The MBA summer internship started out as an American phenomenon, and there are still very few such openings available outside the United States or offered by non-US companies. The reason is that almost all graduate business schools in other parts of the world have one-year, full-time MBA programmes. Therefore, most of their graduates complete the course and have a short summer break before re-entering the workforce. In contrast, most top US business schools offer two-year MBA programmes, giving companies the chance to assess the talent pool by recruiting high-calibre summer interns and trying them out with a view to later full-time roles.
Even so, the MBA internship is a slightly weird creation. Most people now see it not just as a matter of giving and gaining useful experience, but as a crucial part of the recruitment process. Employers realise that observing how someone performs on the job is the best way of judging his or her long-term suitability and potential. Essentially, that is why the MBA internship came about. However, it does also provide a great opportunity for students contemplating a career switch to see exactly what the job, company and sector are all about.
Given that, the reason I find it weird is because, whatever the short-term responsibilities, an internship is not a “real” job. Typically, MBA students are thrown into a working environment which might seem real, but differs in important ways. As “trainee managers”, or “summer associates”, the interns are assigned to a team and usually have subordinates to lead. They are given tasks and projects to demonstrate their business skills and managerial talents.
However, this inevitably creates an interesting dynamic. The summer associates may rank higher in the corporate hierarchy than fellow team members, but they may also have little or no relevant experience. They have to learn from other staff about many aspects of the work and the firm’s culture. To operate effectively, they may well be completely dependent on the assistance and co-operation of their subordinates. Without that, MBA interns are walking on thin ice and will have trouble contributing in any significant way.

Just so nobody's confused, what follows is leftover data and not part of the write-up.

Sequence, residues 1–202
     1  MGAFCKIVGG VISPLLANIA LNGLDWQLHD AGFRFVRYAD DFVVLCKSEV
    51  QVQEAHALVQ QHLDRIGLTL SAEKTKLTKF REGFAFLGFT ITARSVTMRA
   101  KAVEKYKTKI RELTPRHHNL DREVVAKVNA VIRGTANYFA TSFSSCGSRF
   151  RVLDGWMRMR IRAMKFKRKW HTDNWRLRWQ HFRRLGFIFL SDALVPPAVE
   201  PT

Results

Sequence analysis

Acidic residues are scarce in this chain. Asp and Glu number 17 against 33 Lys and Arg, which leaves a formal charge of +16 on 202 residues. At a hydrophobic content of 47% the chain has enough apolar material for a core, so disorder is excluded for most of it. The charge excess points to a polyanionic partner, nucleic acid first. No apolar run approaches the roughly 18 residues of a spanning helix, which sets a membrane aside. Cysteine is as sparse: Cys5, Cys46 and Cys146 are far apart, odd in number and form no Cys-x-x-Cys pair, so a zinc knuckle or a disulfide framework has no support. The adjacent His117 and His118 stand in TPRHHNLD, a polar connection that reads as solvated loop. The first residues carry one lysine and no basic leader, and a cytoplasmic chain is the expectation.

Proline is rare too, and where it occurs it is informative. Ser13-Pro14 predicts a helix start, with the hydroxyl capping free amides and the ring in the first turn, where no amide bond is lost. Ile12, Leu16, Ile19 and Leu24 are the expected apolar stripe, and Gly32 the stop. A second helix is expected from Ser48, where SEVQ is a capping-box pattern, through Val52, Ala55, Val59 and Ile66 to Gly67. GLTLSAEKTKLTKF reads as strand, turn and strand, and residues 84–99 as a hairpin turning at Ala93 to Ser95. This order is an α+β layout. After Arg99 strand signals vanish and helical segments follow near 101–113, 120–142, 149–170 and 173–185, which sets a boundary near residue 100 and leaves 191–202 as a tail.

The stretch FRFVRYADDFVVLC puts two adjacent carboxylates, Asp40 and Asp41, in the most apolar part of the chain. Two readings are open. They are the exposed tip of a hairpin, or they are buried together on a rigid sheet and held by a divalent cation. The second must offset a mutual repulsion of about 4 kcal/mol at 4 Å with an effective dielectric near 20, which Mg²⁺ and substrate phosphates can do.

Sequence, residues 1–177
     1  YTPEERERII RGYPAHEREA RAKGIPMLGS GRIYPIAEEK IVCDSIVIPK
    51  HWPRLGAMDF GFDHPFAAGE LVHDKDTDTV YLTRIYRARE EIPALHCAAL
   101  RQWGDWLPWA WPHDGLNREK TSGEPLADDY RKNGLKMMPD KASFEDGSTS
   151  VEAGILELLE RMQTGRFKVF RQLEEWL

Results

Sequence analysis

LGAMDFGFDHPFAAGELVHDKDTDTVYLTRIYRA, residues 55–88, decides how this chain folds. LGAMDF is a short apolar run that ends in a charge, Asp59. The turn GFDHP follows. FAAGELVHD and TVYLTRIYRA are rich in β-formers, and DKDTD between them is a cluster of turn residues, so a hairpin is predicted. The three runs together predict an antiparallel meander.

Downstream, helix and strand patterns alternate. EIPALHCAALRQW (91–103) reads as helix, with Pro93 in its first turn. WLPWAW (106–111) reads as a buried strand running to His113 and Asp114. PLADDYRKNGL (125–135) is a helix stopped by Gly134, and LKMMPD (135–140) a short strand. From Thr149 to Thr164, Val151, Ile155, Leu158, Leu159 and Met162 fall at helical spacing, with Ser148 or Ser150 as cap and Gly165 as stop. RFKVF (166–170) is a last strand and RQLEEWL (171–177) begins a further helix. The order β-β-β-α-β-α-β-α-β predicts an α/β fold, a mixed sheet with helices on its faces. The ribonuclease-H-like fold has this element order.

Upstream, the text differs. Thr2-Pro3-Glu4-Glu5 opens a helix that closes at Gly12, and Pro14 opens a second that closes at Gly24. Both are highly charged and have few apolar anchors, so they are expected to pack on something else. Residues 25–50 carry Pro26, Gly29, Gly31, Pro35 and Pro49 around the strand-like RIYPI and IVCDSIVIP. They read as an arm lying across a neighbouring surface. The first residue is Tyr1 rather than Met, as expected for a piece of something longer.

If they hope to return to the same company after graduation, they must fit in quickly, win over advocates, and take every chance to prove themselves. They must also stay on top of the daily routine, while figuring out what they want to do and multi-tasking in order to make an impression on as many people as possible.
When asked, I advise MBA students about to start internships to expect some tough tasks, not complain about them, and always show willing. By being nice to everyone, you earn the respect of your team. In general, it is amazing how many people don’t get these basics right, therefore spoiling their chances of getting an offer to return to a full-time role the following year.